PAUL: Yes. CNN business correspondent Cristina Alesci is with us now. Cristina, what do we know about who, or what, at this point, is driving the markets?


CRISTINA ALESCI, CNN BUSINESS AND POLITICS CORRESPONDENT: Well, the fact is the market has been driven higher, essentially, on all of the stimulus, and the government actions that are really reassuring investors that the government is going to step in and try and aid the economic recovery.

And let's face it, the market is driven by people trying to get ahead of one another, which inflates prices pushes things up. But I don't think we can ignore what happened on Thursday, which was the market was spooked by the fact that a number of cities and states have seen their coronavirus cases increased.

Places like counties in California, North Carolina, Arizona, and they got a double dose of bad news when Fed Reserve Chairman Jerome Powell, essentially said millions of Americans may not have a job to come back to, and it's going to take them some time to find a new job, and a new company, or a new industry.

And this is the thing. The administration is very worry about the economic recovery. Treasury Secretary Steven Mnuchin, out there this week trying to reassure the markets that they're not going to shut down the economy again. Listen.


STEVEN MNUCHIN, UNITED STATES SECRETARY OF THE TREASURY (via telephone): We can't shut down the economy again. I think we've learned that if you shut down the economy, you're going to create more damage. And not just economic damage, but there are -- there are other areas, and we've talked about these medical problems and everything else that get put on hold.


ALESCI: As you both have been covering, the economic recovery is essential to Trump's re-election campaign. So, they know how important it is. That was the attempt to reassure the markets that they are squarely focused on that.

BLACKWELL: Cristina, before we let you go, we talked a bit this morning about Starbucks fumble over t-shirts and pens related to Black Lives Matter. You've been following other corporate responses. How are they responding to this moment?

ALESCI: Well, I've been covering corporates responding to crisis now for 10 years. And what I can say about this time, what's different is that companies are promising to take specific actions, and promising specific amounts of money.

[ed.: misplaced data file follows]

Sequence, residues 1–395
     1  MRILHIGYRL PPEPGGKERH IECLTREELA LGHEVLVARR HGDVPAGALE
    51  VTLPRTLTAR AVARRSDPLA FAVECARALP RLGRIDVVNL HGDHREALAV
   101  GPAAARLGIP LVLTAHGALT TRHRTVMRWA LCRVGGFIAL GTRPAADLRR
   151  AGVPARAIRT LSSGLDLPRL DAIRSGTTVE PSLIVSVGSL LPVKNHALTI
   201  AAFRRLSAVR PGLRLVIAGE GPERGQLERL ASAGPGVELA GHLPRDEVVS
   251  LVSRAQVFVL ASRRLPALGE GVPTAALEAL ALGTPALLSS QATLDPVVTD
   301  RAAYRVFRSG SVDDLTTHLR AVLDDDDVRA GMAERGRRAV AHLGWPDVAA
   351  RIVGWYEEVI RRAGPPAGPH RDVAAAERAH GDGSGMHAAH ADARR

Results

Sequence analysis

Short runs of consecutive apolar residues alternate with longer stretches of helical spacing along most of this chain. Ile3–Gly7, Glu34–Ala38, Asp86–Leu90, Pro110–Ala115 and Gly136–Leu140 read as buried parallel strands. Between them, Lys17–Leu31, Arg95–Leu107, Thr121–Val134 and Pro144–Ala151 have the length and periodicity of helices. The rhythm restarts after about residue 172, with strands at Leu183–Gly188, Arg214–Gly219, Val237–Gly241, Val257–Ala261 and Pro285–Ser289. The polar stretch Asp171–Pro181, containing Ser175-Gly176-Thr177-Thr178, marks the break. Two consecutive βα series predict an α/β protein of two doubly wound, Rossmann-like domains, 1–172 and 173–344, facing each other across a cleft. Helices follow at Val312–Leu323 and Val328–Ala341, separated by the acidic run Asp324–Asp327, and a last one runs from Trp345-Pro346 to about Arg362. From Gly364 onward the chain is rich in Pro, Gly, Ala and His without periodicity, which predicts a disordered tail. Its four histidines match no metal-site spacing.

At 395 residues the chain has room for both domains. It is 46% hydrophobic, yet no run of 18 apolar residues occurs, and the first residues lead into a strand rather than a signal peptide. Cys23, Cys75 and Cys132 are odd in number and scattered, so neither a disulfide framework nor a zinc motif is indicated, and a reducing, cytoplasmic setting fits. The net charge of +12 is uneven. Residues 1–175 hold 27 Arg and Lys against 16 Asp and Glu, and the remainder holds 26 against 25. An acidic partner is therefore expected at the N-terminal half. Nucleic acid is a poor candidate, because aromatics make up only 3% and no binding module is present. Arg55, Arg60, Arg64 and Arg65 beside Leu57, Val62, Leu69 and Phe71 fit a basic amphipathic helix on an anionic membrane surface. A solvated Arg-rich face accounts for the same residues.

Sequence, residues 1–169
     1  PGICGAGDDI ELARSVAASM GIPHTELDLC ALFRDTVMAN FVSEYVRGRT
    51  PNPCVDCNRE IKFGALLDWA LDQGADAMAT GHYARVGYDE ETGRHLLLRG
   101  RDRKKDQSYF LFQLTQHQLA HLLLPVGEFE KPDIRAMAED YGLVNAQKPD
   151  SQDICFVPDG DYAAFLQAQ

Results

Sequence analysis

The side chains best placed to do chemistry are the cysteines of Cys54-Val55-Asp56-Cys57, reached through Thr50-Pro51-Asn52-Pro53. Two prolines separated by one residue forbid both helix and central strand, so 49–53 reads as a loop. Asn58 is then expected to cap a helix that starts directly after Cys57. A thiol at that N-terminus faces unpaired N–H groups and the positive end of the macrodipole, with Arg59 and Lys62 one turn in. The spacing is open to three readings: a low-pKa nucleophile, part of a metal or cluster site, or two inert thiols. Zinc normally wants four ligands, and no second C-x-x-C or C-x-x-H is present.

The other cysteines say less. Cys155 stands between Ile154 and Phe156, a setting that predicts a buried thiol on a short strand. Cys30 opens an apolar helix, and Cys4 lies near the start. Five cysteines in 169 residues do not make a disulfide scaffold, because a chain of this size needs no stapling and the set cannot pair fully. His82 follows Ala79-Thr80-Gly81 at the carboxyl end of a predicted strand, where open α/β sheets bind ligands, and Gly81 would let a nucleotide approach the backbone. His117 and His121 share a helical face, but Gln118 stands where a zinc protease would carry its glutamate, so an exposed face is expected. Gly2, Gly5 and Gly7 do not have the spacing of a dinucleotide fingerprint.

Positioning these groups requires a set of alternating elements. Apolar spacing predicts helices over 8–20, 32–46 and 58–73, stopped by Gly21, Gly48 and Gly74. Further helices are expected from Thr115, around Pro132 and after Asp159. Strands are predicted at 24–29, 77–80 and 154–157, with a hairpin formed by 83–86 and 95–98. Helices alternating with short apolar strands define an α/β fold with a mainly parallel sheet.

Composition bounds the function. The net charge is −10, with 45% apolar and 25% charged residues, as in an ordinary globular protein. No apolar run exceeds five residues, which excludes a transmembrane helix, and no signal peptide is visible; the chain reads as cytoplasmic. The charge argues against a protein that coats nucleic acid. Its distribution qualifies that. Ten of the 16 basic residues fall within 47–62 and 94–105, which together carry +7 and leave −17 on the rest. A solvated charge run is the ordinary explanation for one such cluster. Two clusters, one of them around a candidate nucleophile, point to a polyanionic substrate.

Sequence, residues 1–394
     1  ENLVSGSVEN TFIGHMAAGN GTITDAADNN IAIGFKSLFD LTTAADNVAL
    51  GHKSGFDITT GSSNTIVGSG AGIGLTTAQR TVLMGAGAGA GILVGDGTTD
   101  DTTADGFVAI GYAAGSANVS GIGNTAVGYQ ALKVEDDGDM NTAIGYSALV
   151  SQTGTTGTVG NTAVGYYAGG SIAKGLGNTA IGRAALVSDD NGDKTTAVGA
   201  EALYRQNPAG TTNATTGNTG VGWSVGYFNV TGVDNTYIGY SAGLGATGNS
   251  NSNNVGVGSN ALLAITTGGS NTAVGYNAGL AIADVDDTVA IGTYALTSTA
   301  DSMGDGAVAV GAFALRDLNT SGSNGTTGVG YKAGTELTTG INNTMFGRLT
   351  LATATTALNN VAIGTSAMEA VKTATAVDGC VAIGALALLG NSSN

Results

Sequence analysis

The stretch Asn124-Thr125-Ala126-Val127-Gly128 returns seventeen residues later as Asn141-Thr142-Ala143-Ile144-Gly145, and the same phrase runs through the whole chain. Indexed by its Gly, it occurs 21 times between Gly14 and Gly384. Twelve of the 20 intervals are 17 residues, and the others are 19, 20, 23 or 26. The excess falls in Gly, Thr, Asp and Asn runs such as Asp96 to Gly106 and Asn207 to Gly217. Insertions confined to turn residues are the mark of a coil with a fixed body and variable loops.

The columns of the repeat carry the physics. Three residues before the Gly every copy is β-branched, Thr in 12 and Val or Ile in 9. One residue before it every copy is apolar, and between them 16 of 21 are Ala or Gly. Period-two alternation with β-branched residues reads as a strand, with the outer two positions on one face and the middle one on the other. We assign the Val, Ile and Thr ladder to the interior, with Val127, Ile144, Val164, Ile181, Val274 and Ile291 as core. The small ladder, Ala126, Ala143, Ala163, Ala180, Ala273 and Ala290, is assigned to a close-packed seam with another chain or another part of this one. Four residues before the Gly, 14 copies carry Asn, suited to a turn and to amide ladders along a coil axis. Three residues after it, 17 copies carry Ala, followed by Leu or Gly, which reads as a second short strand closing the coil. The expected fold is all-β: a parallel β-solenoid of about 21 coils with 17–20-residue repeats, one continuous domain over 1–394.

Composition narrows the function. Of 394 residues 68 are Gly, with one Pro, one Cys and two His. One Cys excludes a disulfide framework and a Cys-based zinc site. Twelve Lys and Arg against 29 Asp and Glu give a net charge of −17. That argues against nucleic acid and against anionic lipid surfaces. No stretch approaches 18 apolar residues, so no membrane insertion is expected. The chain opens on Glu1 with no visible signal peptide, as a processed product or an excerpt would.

You know that is a step in the right direction. Of course, there's a lot more to be done based on my conversations with black business leaders. But if you take a look at some of those actions, they are interesting and responsive to the black community.

For example, Band-Aid, now saying that it's going to make bandages in skin tones that match black and brown people. And that is something that the community has been wanting to see for years and years. Some would say it's too late, but nonetheless, the company did it.

Nike is committing $40 million to racial justice organizations. And you have banks like Goldman Sachs, committing millions of dollars as well. As you mentioned, Starbucks did fumble on allowing employees to wear Black Lives Matter's t-shirts, and buttons, and paraphernalia. And at the end of the day, the company had to reverse course because there was a backlash from employees. And now, they are going to allow employees to wear those items.

But the curious thing about the Starbucks situation is this is not a company that is a stranger to racial issues. Remember, two years ago, they had to shut down their U.S. stores for a few hours and do racial training, because a white employee had called the police on two black customers that were just sitting in the store.

So, clearly, there needs to be work that's done at these companies. But what's different this time is that we have specific promises and numbers that we could hold them accountable too. Victor, Christi?

PAUL: Christina Alesci, we appreciate it. Thank you.

BLACKWELL: And since the emergence of COVID-19 on a global scale, scientists have pointed to bats as possible carriers of this deadly virus. But, did you know that bats may also hold, some believe, the key to a cure?

PAUL: Yes, Anderson Cooper has more on its upcoming documentary, it airs tomorrow.


ANDERSON COOPER, CNN ANCHOR: In a lab, nearly 6,500 miles from Wuhan, researchers in Berkeley, California are looking to bats to find clues on how to help humans fight coronaviruses like COVID-19.

UNIDENTIFIED MALE: But I think in a way, there's actually a lot we can learn from bats. You know this group of animals that's been around for millions of years.

How can we look at their history with viruses, and take that knowledge, and think about therapeutics, and treatments for ourselves?

COOPER: Scientists believe that understanding a bat's immune system can help develop a human battle plan for fighting these diseases on a global scale.

UNIDENTIFIED MALE: It's an opportunity. What is it about the bat's metabolism, unity, or physiology that they've got that we could use?

COOPER: That might actually hold an answer for treating virus.


UNIDENTIFIED MALE: If bats can handle thousands of different viruses, at a much higher load than humans can, let's find out why and use that.


PAUL: Anderson Cooper explores the world of bats, their importance to our ecology, economy, medical research. "BATS: THE MYSTERY BEHIND COVID-19" is tomorrow at 10:00 p.m. Eastern and Pacific, right here on CNN.

And the next hour of NEW DAY starts after a quick break. Stay close.